Sharon!” he cries, with a face that looks like the world has ended. He jerks out the chair across from me and sits down in it, shaking his head.

“She said she’ll give me a chance to see if the doctor’ll put me on total disability before she writes up anything.”

“Yeah? And what if he won’t? Then what?”

I stare into his dilated pupils and try to remember that I’m looking at a scared, 34 year-old man who does not earn enough money to support us all. If I work, we manage well. If I die, they’ll all be provided for. But if I’m persistently alive and yet not able to generate any income, we’re staring down the barrel of disaster.

“He’ll probably be ready to declare me disabled and my benefits’ll kick in,” I say gently. By then Mark looks ready to cry, so I strive to keep my face calm and my manner reassuring. “If not, Katherine said she’ll try to let me go in such a way that I can draw unemployment.”

“This house,” he says, looking around miserably. “Two cars to pay for. And utility bills and doctor bills and food!” He turns his suffering eyes in my direction. “There’s no way in hell I can do it all!”

I hadn’t thought it possible anymore, but I well up with outrage at his inability to see the larger point. Despising him at this moment, I sit back in my chair.

“Well,” I say coldly, “maybe I could get a job waitressing on the weekends.”

“Oh, real good idea,” he says, getting up from the table. “You can’t sit at a desk and tap on a computer but you figure you can waitress.” He goes over to the stove and starts loading a plate with pork chops, rice and gravy. Staring down at the food, he shakes his head. “We’re gonna have to come up with something, though. There’s only so much I can do.”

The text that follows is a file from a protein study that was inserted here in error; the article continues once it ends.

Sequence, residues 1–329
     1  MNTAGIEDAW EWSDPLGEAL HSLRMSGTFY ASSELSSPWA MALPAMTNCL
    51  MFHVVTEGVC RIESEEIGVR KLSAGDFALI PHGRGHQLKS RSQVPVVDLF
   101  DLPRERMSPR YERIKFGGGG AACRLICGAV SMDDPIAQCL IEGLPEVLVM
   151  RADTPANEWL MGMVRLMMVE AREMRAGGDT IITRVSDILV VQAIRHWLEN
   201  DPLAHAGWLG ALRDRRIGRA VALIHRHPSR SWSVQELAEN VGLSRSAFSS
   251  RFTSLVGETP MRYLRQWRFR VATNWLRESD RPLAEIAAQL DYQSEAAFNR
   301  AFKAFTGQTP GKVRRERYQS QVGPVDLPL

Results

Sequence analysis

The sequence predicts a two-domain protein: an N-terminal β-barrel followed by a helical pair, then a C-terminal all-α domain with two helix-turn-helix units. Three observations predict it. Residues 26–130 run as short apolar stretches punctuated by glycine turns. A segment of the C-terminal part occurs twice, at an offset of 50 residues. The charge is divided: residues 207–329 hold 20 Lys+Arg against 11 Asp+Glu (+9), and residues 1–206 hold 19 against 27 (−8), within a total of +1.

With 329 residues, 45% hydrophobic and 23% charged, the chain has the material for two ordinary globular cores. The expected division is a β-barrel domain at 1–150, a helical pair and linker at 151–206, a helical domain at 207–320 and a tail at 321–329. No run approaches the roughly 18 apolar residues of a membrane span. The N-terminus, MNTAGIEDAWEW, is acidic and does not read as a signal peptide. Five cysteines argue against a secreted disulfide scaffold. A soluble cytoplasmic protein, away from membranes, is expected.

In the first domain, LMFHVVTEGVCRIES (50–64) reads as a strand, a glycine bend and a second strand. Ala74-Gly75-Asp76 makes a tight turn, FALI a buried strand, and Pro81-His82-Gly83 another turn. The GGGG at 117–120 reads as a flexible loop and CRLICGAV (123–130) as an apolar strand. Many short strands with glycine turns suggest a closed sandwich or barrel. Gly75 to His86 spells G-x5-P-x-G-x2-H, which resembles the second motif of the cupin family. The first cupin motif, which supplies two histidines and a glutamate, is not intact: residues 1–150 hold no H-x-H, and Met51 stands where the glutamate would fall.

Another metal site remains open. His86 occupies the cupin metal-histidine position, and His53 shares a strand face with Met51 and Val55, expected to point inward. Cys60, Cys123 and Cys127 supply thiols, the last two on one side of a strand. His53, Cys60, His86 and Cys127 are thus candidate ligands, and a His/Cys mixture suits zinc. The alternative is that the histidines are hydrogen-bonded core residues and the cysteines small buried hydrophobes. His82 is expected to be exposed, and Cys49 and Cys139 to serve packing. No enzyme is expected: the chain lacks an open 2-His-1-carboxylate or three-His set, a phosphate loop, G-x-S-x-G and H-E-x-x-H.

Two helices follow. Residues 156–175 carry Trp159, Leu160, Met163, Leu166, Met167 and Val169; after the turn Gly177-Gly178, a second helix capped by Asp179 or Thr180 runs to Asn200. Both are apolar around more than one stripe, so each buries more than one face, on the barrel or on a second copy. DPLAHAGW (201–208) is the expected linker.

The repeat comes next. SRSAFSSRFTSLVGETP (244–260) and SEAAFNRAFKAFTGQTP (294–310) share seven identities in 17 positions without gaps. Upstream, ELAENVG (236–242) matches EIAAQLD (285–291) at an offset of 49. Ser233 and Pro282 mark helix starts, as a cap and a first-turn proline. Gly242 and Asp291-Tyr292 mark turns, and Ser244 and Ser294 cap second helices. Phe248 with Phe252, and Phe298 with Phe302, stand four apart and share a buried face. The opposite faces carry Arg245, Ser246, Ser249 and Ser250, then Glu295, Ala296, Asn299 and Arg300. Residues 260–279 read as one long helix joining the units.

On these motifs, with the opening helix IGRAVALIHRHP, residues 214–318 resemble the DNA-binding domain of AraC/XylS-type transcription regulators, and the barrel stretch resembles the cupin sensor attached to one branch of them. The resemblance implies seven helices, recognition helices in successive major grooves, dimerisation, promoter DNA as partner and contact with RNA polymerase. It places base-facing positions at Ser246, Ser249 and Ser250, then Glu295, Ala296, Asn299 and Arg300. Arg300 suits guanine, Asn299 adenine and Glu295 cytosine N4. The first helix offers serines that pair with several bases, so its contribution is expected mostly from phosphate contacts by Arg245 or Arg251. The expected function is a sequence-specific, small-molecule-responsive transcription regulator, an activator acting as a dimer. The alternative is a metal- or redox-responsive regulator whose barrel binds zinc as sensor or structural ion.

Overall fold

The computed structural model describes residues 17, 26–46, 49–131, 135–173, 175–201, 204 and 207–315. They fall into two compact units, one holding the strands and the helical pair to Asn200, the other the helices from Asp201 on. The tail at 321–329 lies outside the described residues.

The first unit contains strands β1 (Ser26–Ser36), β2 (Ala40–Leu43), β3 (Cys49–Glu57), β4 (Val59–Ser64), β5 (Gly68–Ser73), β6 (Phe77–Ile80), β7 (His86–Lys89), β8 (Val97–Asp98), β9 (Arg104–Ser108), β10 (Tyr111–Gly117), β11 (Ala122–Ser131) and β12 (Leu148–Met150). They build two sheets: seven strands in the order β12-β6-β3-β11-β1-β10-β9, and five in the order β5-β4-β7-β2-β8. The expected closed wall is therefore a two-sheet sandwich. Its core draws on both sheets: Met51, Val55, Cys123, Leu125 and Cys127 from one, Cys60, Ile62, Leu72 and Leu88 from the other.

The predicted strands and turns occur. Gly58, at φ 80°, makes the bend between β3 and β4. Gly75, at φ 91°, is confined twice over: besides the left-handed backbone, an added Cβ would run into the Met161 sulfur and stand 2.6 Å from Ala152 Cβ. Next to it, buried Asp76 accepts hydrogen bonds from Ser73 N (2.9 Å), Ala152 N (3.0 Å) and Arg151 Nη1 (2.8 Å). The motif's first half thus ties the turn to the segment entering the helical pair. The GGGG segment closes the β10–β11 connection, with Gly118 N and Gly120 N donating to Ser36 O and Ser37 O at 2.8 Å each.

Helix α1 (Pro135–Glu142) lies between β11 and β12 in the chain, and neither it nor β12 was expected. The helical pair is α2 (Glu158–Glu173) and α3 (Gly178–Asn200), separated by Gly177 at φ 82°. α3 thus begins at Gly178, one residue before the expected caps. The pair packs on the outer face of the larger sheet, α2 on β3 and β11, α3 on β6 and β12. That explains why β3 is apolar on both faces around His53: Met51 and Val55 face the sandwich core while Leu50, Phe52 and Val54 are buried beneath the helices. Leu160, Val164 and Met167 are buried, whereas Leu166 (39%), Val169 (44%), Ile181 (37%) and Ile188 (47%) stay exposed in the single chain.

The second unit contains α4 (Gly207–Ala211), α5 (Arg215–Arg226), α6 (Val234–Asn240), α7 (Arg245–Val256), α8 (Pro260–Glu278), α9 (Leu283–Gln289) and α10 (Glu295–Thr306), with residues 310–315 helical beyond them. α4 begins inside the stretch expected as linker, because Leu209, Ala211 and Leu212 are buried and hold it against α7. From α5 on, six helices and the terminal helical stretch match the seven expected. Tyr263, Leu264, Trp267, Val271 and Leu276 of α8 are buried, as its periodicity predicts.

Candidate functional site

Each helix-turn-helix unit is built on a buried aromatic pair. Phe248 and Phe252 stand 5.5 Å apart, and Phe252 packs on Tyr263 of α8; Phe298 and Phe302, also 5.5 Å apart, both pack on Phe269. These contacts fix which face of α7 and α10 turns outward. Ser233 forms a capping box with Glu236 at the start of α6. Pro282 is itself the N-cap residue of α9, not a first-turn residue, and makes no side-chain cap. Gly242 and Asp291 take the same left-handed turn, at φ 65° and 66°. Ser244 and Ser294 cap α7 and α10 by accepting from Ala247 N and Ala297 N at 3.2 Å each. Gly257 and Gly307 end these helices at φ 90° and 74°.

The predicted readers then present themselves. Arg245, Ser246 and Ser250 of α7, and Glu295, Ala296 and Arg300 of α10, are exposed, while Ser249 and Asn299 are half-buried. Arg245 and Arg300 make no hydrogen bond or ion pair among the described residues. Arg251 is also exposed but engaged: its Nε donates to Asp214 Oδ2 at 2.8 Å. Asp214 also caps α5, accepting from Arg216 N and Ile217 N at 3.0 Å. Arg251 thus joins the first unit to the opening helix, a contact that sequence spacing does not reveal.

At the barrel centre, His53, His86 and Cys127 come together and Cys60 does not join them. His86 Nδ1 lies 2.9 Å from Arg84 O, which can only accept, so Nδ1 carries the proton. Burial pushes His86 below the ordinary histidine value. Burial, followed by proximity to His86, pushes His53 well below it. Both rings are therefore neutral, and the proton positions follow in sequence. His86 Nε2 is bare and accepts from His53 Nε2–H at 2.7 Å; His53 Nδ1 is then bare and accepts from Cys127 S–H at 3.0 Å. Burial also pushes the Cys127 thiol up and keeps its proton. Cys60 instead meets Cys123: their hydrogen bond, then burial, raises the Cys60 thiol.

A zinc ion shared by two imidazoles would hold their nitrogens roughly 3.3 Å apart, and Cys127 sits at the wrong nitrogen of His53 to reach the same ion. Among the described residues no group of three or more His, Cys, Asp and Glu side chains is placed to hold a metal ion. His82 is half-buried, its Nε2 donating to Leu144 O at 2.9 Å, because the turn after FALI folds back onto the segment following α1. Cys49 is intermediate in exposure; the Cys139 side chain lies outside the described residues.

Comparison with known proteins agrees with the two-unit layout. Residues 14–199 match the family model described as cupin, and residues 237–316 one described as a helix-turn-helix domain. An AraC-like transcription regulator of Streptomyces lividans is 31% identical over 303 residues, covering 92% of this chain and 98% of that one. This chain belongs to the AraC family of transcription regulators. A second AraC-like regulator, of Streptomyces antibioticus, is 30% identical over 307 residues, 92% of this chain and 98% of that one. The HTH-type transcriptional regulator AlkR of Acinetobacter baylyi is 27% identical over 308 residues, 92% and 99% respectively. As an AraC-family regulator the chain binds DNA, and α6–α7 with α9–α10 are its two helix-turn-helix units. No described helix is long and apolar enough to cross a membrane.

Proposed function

I’ve figured out some things that I had always wanted to know. I used to wonder how it must feel to be elderly and to know that you couldn’t live much longer. Why, I wondered, didn’t old people ever seem worried about this?

Younger people surrendering to death baffled me even more. Didn’t these people have anything worth sticking around for? The stupid obituaries are always saying She loved life. Mark and I used to search for those ubiquitous words over coffee and the Sunday paper and then laugh when we found them. What a lame sentiment, we scorned. Who the hell doesn’t love life?

But I think I get it now. Though this may seem a strange comparison, I think it’s like when Mark and I used to want to have sex. We might wake up on a Saturday morning with a gleam in our eyes, but there would be Peyton in our bed. Tonight, we’d promise each other, and go through the day making veiled references. Afternoon would give way to night and still we would give each other the eye. We’d hear Amanda’s TV finally go off. Go to sleep, we’d mutter under our breath to Peyton.

When he would, at long last, succumb—on the sofa or on the floor—relief would wash over us. We’d carry him to his room, and then for a few delicious minutes we’d be free of the yoke of parenthood, so we’d maybe have a snack and a little conversation before getting into bed. When we’d finally lie down, the uncrowded bed would feel so good to our tired bodies that all interest in sex would drain away. Hating to admit it, we’d lie there until somebody got up the nerve.

“You still want to?” that one would ask.

And the other one, secretly glad, would say, “I did, but screw it, now. I’m too tired.”